New 2010 Bicycle and Pedestrian Partnership Council Members List

I’m going to pass this along without comment. I am concerned, though, because I recognize some names and  . . . well . . . If I am wrong, please let me know, but I can’t support things that some of these folks do such as 10,10 & 4.

Debbie Hunt, FDOT, Chair
Jena Brooks, Department of Environmental Protection
Karen Brunelle, Federal Highway Administration
Ken Bryan, Rails to Trails Conservancy
Jesus Gomez, Florida Public Transportation Association
Sue Hann, Florida League of Cities
Thomas Hawkins, Florida League of Cities
Charlie Hood, Department of Education
Joey Hoover, Florida Association of Counties
Richard Hopkins, Department of Health
Julie L. Jones, Department of Highway Safety and Motor Vehicles
Laurie Koburger, Department of Elder Affairs
Mike Lasche, Florida Bicycle Association
Zoe Mansfield, Florida League of Cities
Malisa McCreedy, Pedestrian Representative
Patricia Northey, Florida Association of Counties
Jo Penrose, Department of Community Affairs
Bob Rackleff, Metropolitan Planning Organization Advisory Council
Max Rothman, Transportation Disadvantaged Representative
Cyndi Stevenson, Florida Association of Counties

7 replies
  1. Keri
    Keri says:

    You are not wrong. One in particular is hell-bent on a 10-10-4 conversion for a US highway with heavy truck traffic (not in Orlando). Said individual was dismissive when offered well-reasoned arguments for why that would be bad for cyclists. With friends like that…

    • Keri
      Keri says:

      Eddie, it’s a conversion from a 4 lane road with two 12ft lanes in each direction to two narrow 10ft lanes and a narrow 4ft bike lane. Since a truck/bus/landscape trailer is 9ft wide (minus mirrors) and a human is roughly 2ft wide (even experienced cyclists need a few feet of travel space), and the gutter seam extends 12-18 inches into the bike lane… well, you can probably do the math to come up with the passing clearance a cyclist gets from the largest vehicles. Even many smaller vehicles will not move over in a narrow lane when there is traffic in the adjacent lane. The result would be less than 3 feet of clearance from most vehicles. Here’s an illustration (this is a 5-lane with slightly more space because I drew it for a specific road where Orlando wanted to do this. And it’s slightly wider because they were taking an extra few feet from the chicken lane):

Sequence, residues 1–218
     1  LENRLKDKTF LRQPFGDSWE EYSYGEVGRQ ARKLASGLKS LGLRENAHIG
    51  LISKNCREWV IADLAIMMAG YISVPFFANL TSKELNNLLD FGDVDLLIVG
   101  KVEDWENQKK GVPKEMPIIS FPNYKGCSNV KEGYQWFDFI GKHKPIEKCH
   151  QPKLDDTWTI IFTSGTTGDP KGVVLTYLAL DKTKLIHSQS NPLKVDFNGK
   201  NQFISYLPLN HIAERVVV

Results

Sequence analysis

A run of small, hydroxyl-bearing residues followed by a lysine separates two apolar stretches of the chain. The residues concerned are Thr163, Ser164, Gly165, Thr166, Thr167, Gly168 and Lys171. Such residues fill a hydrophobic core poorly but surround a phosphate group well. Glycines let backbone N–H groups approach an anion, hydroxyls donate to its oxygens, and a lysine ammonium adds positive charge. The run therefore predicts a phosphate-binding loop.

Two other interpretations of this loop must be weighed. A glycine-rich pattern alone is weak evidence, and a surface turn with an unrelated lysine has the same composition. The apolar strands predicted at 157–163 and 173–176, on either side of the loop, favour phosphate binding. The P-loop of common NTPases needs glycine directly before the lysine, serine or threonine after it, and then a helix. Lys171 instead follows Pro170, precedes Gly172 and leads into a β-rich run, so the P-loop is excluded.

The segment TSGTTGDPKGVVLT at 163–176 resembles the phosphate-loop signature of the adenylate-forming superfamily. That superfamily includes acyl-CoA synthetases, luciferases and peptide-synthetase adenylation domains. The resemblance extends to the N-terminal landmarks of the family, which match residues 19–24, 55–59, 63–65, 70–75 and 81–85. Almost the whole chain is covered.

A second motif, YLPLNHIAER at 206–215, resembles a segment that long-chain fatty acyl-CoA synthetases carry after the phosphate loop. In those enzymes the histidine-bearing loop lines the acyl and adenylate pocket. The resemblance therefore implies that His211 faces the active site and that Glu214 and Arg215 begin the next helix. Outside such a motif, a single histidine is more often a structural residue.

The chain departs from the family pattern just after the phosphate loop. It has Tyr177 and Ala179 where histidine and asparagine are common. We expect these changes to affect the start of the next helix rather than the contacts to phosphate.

If you click on the image, you’ll see a larger version. I adapted this from a project I’m working on with Dan Gutierrez. The exclusion zone model is his work. The red trapezoid shape indicates the part of the roadway a cyclist should avoid when approaching intersections — riding within that area leaves a cyclist vulnerable to right hook, left cross and drive-out crashes. The zone expands lengthwise as a cyclist’s speed increases. Imagine a commercial strip highway with numerous consecutive driveways and intersections, the red trapezoids for each intersection begin to connect and overlap. Thus adding a bike lane to a complex road like this places cyclists in exactly the part of the road they need to avoid.

  2. fred_dot_u
    fred_dot_u says:

    ten ten four could be a radio confirmation with a stutter, but in this context, I think it means two ten foot traffic lanes with a four foot bike lane.

  3. eddie
    eddie says:

    got it. I have found that bike lanes are comfortable midblock, because I don’t have to assert myself. the lane markings have done that for me. but whenever I get near an intersection, all the conflicts and safety concerns make them more of a hindrance than a help.

    I also have found that for me, one of the best things I can do to avoid conflicts and increase my comfort, is to not bother filtering. passing on the right creates all kinds of conflicts and then if you take the lane, you basically just butted in line. not in all traffic patterns, but here in key west, with our low speed, narrow, two directional streets.
    playing leap frog with cars is not near as fun as just cruising along.
    Filtering is hard to give up, because so much of traffic culture is about trying to get ahead of the other guy.
    but giving up filtering it something that has added the most peace to my riding experience.

    • Keri
      Keri says:


      What you describe is why I prefer a wide lane to a bike lane. That allows me to choose when to move over and facilitate passing based on existing conditions.

      Agreed about filtering forward. It took me a while, and a lot of close calls to get my head around giving that up. It’s a strong impulse. But, yeah, it’s made my riding more peaceful and relaxing as well to stay in the queue.

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